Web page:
This year's selection is graphic memoir 'March'
FARMINGTON — For eight years, San Juan College officials have been trying to promote community dialog and literacy through their One Book One Community program, in which a single book is designated for reading and discussion by students, faculty members and local residents.
Over that time, the books chosen for the program have covered a variety of subjects, including the dystopian suspense novel "The Circle" by Dave Eggers in 2015 and last year's selection, "The Emerald Mile" by Kevin Fedarko, a nonfiction account of a record-setting rafting trip down the Grand Canyon in 1983.
But it's safe to say this year's selection, the graphic memoir trilogy "March" by U.S. Rep. John Lewis, Andrew Aydi and Nate Powell, is an outlier among all the books that have been chosen for the program. The book features a comic book format, but its content is anything but frivolous, charting Lewis' story as a civil rights activist, as well as the victories and defeats experienced by the movement over the course of American history.
"We've been tossing around the idea of a graphic novel for quite a while," said program director Danielle Sullivan, an assistant professor of English at the college. "It was a little bit controversial — 'Is it literary? Is it not?'"
Ultimately, she said, committee members decided "March" was more than worthy of inclusion in the program, which features several accompanying events each year that are designed to engage the public and promote discussion of the book.
One such event took place today when the One Book One Community committee presented a re-enactment of the famed lunch counter sit-ins that took place across the Jim Crow South during the early days of the civil rights movement. Approximately 150 people gathered in St. Mary's Kitchen, the college's cafeteria, to watch as student re-enactors posing as nonviolent civil rights protesters endured verbal abuse and intimidation at the hands of the other re-enactors posing as white southerners who opposed desegregation.
The experience was intended to be as authentic as possible, and the individuals posing as white southerners did not mince their words to be politically correct, Sullivan said.
"There were a lot of N-words and F-bombs to help people understand the anger and vitriol protesters had to ignore," she said
Unsettling as that may have been for the targets of such abuse, the re-enactment was intended to help young people understand what civil rights demonstrators endured in order to help desegregate America's public spaces in the 1950s and 1960s, Sullivan said. That, in turn, may give them a greater appreciation for what they read and see in the book, she said.
While Farmington has never had a sizable African-American population, the area has had its own civil rights issues because of historic conflicts between the Anglo and Native populations — most notably the 1974 murders of three Navajo men by white teens that sparked a series of marches and protests involving thousands of Native people.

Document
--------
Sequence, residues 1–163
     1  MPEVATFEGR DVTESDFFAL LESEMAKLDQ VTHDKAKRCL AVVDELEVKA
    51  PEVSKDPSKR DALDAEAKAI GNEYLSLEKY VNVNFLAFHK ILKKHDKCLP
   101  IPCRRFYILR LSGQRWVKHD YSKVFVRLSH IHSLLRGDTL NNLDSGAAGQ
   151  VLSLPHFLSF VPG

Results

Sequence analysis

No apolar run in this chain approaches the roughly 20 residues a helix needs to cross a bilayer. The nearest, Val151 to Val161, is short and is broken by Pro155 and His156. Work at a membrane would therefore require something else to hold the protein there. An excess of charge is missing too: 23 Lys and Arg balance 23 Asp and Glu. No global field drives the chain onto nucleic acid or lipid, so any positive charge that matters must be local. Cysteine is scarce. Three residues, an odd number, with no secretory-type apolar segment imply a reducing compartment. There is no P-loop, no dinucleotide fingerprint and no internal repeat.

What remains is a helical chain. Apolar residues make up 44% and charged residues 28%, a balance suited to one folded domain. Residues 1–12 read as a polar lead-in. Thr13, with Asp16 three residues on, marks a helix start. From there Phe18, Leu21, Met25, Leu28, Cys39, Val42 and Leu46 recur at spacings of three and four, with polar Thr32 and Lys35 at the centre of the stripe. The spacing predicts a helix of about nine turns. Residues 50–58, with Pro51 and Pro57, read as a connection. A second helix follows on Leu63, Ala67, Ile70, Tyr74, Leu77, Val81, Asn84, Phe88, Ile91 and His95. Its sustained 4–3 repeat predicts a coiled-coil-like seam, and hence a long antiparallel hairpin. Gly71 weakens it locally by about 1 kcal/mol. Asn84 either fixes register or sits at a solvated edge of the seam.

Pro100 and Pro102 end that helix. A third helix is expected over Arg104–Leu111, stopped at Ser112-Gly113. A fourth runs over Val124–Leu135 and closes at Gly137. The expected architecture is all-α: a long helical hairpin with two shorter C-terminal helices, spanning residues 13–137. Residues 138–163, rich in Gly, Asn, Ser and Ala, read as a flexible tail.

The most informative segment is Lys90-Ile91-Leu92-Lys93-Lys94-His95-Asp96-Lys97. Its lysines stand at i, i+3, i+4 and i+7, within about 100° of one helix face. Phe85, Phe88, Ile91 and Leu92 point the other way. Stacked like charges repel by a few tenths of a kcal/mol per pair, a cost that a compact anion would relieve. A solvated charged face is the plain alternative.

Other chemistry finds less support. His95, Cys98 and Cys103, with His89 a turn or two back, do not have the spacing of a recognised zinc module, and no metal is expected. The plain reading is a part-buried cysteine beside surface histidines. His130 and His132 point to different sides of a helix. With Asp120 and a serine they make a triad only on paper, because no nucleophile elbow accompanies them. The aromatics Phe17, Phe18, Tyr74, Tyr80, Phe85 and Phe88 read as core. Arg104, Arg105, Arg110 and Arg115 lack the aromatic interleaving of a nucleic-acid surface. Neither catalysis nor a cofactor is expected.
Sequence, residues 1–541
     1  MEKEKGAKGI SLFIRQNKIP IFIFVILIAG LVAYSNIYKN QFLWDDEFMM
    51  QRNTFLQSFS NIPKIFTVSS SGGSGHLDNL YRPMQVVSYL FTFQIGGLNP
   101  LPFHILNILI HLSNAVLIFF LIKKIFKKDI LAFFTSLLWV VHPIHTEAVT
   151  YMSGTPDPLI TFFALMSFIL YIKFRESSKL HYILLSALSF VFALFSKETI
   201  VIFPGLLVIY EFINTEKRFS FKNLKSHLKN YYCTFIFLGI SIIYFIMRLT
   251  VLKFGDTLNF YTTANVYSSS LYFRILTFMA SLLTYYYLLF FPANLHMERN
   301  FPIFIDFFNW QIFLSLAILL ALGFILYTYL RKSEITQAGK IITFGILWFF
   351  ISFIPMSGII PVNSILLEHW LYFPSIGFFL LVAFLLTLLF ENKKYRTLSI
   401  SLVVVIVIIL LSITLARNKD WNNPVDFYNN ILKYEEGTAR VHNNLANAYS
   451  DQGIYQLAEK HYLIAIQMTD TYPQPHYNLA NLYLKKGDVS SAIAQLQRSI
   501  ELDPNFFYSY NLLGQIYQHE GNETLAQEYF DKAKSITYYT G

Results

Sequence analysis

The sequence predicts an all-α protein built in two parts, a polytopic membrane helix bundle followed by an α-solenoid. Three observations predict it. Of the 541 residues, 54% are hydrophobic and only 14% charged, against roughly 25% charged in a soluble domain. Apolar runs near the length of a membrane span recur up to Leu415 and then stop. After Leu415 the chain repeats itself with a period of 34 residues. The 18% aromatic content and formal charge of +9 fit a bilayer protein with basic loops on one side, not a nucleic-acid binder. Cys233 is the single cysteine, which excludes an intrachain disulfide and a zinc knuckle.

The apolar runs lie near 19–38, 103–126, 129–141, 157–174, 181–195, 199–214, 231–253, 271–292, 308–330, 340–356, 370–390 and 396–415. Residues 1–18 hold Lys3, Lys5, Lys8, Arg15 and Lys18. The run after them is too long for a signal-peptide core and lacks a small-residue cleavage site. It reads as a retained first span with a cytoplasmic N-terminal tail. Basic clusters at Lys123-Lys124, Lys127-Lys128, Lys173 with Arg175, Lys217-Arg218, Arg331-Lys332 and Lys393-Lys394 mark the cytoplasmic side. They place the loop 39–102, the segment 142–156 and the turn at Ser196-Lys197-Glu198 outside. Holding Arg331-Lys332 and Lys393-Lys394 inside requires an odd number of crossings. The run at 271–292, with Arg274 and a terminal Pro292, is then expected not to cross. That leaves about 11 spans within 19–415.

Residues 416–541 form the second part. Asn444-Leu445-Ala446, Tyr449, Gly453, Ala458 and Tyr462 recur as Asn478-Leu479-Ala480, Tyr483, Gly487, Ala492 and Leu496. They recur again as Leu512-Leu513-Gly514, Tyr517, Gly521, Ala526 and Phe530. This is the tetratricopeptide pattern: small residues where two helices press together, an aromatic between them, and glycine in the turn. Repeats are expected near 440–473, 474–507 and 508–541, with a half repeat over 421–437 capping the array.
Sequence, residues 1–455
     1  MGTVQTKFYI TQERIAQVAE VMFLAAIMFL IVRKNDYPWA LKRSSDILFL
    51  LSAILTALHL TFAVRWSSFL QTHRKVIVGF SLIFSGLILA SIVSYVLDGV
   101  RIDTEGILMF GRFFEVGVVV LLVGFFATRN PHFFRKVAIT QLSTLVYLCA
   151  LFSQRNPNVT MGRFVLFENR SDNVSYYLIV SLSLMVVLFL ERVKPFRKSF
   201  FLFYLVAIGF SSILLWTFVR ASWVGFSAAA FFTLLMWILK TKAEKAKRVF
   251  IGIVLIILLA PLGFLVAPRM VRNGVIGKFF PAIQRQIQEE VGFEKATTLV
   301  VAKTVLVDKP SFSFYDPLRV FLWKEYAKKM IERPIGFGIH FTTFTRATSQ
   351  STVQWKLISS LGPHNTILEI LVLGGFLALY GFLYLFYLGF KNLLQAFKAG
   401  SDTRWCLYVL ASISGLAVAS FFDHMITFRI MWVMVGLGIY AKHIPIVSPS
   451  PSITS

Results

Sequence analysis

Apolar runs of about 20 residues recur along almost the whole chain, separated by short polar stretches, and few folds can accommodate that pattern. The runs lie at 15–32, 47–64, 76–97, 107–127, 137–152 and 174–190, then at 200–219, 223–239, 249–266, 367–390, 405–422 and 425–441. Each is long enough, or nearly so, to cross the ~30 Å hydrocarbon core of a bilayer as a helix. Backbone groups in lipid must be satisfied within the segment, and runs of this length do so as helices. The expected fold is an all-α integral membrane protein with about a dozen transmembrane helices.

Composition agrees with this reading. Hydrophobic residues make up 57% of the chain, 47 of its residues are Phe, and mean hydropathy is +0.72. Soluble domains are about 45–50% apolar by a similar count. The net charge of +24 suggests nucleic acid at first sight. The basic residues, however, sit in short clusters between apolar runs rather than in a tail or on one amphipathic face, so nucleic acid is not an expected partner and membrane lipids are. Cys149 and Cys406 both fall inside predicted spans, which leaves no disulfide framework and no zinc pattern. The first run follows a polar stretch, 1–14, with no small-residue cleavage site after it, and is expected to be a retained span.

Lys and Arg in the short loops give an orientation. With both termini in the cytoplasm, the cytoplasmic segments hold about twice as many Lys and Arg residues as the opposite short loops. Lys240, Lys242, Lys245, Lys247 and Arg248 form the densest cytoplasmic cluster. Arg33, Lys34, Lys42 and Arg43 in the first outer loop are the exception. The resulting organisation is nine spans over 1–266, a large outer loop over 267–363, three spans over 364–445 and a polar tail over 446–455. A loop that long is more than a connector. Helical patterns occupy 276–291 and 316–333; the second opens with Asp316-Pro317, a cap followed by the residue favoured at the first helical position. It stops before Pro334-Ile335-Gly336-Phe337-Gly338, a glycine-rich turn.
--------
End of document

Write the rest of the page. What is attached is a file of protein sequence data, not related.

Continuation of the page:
San Juan College librarian Barbara Billey recalled growing up in the Farmington area during that upheaval. She said reading "March" and watching today's re-enactment reminded her of those tense times.
"It's very emotional," she said.
She said she was pleased the committee had chosen the book for the One Book One Community program and explained that she already had ordered copies of it for the school's library even before that decision was made.
Also present at today's event was Frances Vitali, a Farmington resident and a faculty member in the University of New Mexico's College of Education who has taken part in previous re-enactments that were staged at Farmington and Piedra Vista high schools. She said as a member of the small African-American community in Farmington, she often has wondered what the atmosphere was like here during the civil rights movement.
"It's events like this that bring it to the forefront," she said, explaining that the re-enactments also provide a jarring illustration that students can learn from.
"This is not mentioned in their textbooks," she said.
Sullivan said the re-enactment and the reactions it sparked among those who witnessed it made it much more than just a relic of the past. A sharp increase in racial tension in the United States in recent years, led by the 2017 Unite the Right rally in Chalottesville, Virginia, illustrates why the lessons of the civil rights movement remain so valuable, she said.
"It really emphasizes the danger of forgetting history," Sullivan said.
A display located one floor above St. Mary's Kitchen in the student center challenges students and community members to consider how they would react to injustice by posing the question "What would you march for?" Responses are posted on all four sides of the display, which will remain up for the next several weeks.
Numerous other One Book One Community events are scheduled at the college in October. For a schedule or to learn more about the program, visit sanjuancollege.edu/onebook.
Mike Easterling is the night editor of The Daily Times. He can be reached at 505-564-4610.